Johnnie Johnson

  • Year:
  • Inducted by:
    Keith Richards
  • Category:
    Musical Excellence
Johnnie Johnson


The inspiration for "Johnny B. Goode" and the greatest blues pianist of his time.

Johnnie Johnson is nowhere near renowned as he should be. He was a prodigy since age 4, an apprentice to Muddy Waters and the piano giant on whose shoulders Chuck Berry rose to prominence.

Hall of Fame Essay


Rob Bowman

On a fateful day in early 1956, Johnnie Johnson and Chuck Berry headed to Chicago for their fourth recording session at Chess Records.

Their first three efforts had produced the blues-inflected stylings of “Wee Wee Hours,” “No Money Down” and “Downbound Train” and the cut-time country raveups “Maybellene,” “You Can’t Catch Me” and “Thirty Days.” The results had been impressive, jump-starting Berry’s career with four Top Ten R&B hits, one of which, “Maybellene,” enjoyed similar success on the pop chart.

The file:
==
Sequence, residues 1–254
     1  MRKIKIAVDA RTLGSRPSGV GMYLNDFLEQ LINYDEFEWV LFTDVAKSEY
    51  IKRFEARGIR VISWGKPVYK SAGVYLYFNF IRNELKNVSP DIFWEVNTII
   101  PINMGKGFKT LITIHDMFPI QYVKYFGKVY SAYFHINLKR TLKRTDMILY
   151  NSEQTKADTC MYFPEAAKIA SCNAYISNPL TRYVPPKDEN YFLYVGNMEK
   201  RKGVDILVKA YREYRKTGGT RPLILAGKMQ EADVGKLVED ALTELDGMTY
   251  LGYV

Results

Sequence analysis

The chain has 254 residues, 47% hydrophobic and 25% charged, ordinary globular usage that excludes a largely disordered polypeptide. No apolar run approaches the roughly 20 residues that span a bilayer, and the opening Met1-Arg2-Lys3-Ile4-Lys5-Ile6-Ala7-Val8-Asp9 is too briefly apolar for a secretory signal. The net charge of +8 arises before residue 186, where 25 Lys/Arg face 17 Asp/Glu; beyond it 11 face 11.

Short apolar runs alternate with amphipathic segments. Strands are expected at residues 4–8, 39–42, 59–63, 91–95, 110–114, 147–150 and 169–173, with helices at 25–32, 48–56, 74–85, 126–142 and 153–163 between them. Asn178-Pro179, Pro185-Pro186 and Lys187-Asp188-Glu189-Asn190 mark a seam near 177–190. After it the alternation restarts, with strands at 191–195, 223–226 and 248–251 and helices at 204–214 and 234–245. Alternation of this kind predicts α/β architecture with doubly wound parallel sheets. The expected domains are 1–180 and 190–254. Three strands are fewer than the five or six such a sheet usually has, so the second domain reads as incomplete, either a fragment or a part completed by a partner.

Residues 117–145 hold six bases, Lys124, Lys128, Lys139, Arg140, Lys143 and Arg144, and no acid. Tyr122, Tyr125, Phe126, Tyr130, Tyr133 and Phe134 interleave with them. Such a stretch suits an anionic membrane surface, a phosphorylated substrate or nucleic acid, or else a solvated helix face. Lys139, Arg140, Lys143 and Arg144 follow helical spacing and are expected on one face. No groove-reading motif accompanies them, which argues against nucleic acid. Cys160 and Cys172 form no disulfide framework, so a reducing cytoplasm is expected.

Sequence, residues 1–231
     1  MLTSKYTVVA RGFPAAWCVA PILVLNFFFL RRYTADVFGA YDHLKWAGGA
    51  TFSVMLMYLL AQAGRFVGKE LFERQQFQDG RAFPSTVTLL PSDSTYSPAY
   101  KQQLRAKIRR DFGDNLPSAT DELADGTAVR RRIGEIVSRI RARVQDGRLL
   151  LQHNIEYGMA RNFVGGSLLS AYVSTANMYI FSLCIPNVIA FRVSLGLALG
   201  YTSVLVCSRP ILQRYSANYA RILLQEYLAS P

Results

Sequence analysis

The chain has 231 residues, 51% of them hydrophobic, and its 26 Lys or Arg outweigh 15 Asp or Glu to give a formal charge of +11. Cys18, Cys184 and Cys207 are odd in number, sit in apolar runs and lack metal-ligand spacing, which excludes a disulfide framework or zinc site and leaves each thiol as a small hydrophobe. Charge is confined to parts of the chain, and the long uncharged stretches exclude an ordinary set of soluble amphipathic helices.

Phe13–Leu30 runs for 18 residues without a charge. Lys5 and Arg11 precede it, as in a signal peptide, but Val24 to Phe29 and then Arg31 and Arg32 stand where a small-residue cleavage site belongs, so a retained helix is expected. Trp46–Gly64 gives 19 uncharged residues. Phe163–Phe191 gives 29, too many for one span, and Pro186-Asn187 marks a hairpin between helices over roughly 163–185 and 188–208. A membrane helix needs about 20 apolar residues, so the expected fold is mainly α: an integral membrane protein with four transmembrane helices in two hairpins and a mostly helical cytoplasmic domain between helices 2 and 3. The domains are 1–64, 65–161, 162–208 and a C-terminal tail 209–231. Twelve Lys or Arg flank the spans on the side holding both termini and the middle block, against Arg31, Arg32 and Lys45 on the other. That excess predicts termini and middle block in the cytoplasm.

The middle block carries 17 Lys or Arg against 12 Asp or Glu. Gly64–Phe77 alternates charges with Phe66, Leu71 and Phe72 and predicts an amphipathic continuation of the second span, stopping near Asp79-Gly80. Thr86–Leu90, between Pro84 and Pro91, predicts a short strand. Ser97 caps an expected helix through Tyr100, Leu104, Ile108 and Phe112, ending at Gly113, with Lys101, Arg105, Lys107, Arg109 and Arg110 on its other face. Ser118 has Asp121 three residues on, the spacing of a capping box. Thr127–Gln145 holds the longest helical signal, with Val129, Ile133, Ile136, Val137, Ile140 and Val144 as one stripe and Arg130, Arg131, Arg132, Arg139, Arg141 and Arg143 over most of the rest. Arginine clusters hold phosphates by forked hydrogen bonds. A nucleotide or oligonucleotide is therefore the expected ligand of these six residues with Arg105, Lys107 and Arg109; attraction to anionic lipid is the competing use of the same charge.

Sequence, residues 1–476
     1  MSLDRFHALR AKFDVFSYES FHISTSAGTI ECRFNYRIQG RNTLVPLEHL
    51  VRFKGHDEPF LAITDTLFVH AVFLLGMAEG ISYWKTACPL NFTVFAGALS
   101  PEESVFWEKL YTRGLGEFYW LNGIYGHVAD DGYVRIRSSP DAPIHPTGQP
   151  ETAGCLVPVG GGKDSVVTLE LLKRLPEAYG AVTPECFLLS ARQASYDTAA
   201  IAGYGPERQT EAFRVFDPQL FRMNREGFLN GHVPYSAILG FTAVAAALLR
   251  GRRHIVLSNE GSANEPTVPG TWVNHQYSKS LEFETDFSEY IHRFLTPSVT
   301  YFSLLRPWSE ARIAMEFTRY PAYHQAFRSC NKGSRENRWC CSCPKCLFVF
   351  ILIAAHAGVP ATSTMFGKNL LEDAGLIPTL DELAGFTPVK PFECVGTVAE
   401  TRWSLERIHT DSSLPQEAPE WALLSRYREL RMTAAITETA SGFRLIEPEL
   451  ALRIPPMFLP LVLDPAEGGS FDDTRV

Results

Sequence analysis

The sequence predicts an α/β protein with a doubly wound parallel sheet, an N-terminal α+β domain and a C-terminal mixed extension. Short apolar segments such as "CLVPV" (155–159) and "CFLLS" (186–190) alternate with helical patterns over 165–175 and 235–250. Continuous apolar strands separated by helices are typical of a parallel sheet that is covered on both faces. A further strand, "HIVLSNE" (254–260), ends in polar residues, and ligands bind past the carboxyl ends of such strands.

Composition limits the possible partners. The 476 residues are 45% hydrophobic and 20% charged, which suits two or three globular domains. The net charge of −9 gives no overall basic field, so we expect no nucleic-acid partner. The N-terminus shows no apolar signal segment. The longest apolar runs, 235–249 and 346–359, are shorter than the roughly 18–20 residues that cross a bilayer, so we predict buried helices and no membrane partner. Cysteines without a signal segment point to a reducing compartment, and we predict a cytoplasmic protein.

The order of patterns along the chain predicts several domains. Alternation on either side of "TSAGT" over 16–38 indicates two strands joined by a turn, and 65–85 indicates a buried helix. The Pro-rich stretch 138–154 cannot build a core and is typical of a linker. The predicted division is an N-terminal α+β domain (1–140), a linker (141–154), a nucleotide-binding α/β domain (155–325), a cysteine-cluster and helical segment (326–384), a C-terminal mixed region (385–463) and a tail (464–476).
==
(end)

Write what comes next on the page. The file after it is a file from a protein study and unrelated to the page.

Johnnie Johnson’s piano is all over these songs, contributing rol­licking high-end boogie-woogie licks that served as the perfect counterpoint to Berry’s souped-up guitar on the uptempo tunes, while on the slow blues, such as “Wee Wee Hours,” Johnson laid down triplet-ridden , soulful responsorial fils and a solo that proved him the equal of any blues pianist then current on the Chicago scene.

Rock and Roll Hall of Fame Induction Ceremony Program Cover 1991
1 of 1
whoever invented the piano, eat your heart out
Keith Richards